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What the Aftercare? How to Use Z Codes in ICD-10

Let’s talk about Z codes in ICD-10—and what they have to do with post-surgical aftercare.

Melissa Hughes
5 min read
April 6, 2023
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Rehab therapists are restoration specialists. Not only do they work to restore musculoskeletal function after an illness or injury, but they also restore patients’ confidence in their movement and functional capabilities. In most cases, therapists see patients after they’ve experienced some type of disruptive event—like an injury, an illness, or a surgical procedure. But that doesn’t mean therapists should exclusively use aftercare codes, as Z codes in ICD-10 apply only in very select circumstances. 

So, when it comes to how to use Z codes in aftercare, rehab therapists should keep the following advice in mind.

Aftercare Z codes in ICD-10 are not meant to be used with seven-character codes.

ICD-10 introduced the seventh character to streamline the way providers denote different encounter types—namely, specific situations involving active treatment versus those involving subsequent care. However, not all ICD-10 diagnosis codes include the option to add a seventh character. For example, most of the codes contained in chapter 13 of this resource (a.k.a. the musculoskeletal chapter) do not allow for seventh characters. And that makes sense considering that most of those codes represent conditions—including bone, joint, and muscle conditions that are recurrent or resulting from a healed injury—for which therapy treatment does progress in the same way it does for acute injuries.

Codes for acute injuries (mainly found in chapter 19) and fractures, however, do allow for seventh characters. And when you use the seventh character “D,” you are denoting that the patient is in the healing/recovery phase of their treatment. Essentially, you are indicating that these are situations where patients are receiving aftercare for the injury. Thus, you should not use aftercare codes in conjunction with injury codes, because doing so would be redundant.

Don’t let Z codes stump you ever again. Pick the right codes every time with the WebPT EMR’s intelligent ICD-10 selector. 

Use Z codes to code for surgical aftercare.

When a patient's health status necessitates continual care during a post-treatment healing or recovery phase—or when they require care for chronic symptoms that resulted from their original ailment—aftercare visit codes perfectly fit the bill. Z codes also apply to post-op care when the condition that precipitated the surgery no longer exists—but the patient still requires therapeutic care to return to a healthy level of function. These situations often provide common Z codes for therapists that include:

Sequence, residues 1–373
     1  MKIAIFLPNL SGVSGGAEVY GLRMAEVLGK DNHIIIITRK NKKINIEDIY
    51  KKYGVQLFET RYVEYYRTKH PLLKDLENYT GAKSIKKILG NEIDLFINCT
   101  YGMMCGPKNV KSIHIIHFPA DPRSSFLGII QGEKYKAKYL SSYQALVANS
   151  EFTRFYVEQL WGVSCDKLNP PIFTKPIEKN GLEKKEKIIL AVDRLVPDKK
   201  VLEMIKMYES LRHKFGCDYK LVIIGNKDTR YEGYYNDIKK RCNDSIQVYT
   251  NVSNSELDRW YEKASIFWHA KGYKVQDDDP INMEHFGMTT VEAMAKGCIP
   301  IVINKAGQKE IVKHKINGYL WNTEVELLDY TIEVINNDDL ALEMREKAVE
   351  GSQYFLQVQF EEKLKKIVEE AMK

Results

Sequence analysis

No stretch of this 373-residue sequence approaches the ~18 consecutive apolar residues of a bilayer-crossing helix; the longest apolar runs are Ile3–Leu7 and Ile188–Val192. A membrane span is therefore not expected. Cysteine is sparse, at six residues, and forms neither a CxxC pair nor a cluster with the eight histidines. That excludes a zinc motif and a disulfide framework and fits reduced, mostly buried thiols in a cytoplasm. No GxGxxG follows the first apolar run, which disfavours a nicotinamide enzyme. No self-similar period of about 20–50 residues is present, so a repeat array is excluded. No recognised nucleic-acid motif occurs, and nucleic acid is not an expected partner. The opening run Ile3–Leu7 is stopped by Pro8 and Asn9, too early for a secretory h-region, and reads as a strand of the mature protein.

• Z47.89, Encounter for other orthopedic aftercare, and 
  • Z47.1, Aftercare following joint replacement surgery. 

Remember, there are several orthopedic aftercare codes for specific surgeries—all of which you can find in this ICD-10 resource under Z47, Orthopedic aftercare.


A single aftercare code might not be enough.

In specific situations where it’s appropriate to use Z codes in ICD-10, aftercare codes may be the principal first-listed diagnosis code—but that doesn’t mean the Z code should be the only diagnosis code listed for that patient. You should submit secondary codes—including other Z codes—when they can help you fully describe the patient’s situation in the most specific way possible. 

For example, if you were treating a patient who had a total knee replacement, you would want to submit Z47.1, Aftercare following joint replacement surgery, as well as Z96.651 (to indicate that the joint replaced was the knee). Taking this one step further, let’s say the patient was receiving treatment for gait abnormality following a total knee replacement of the right knee due to osteoarthritis in that knee. Let’s also assume that, as a result of the surgery, the patient is no longer suffering from osteoarthritis. The appropriate codes for this scenario, according to this presentation, would be:

  • ICD-10: Z47.1, Aftercare following surgery for joint replacement
  • ICD-10: Z96.651, Status (post), organ replacement, by artificial or mechanical device or prosthesis of, joint, knee-see presence of knee joint implant
  • ICD-10: R26.9 Abnormality, gait

If you’re still a little fuzzy on how to use Z codes in ICD-10, just remember that in most cases, you should only use aftercare codes if there’s no other way for you to express that a patient is on the “after” side of an aforementioned “before-and-after” event. So, go ahead and use an aftercare code after you’ve exhausted all other coding options. (See what I did there?)

Have another tricky billing question? Check out this handy PT billing FAQ.

Have more questions about ICD-10?

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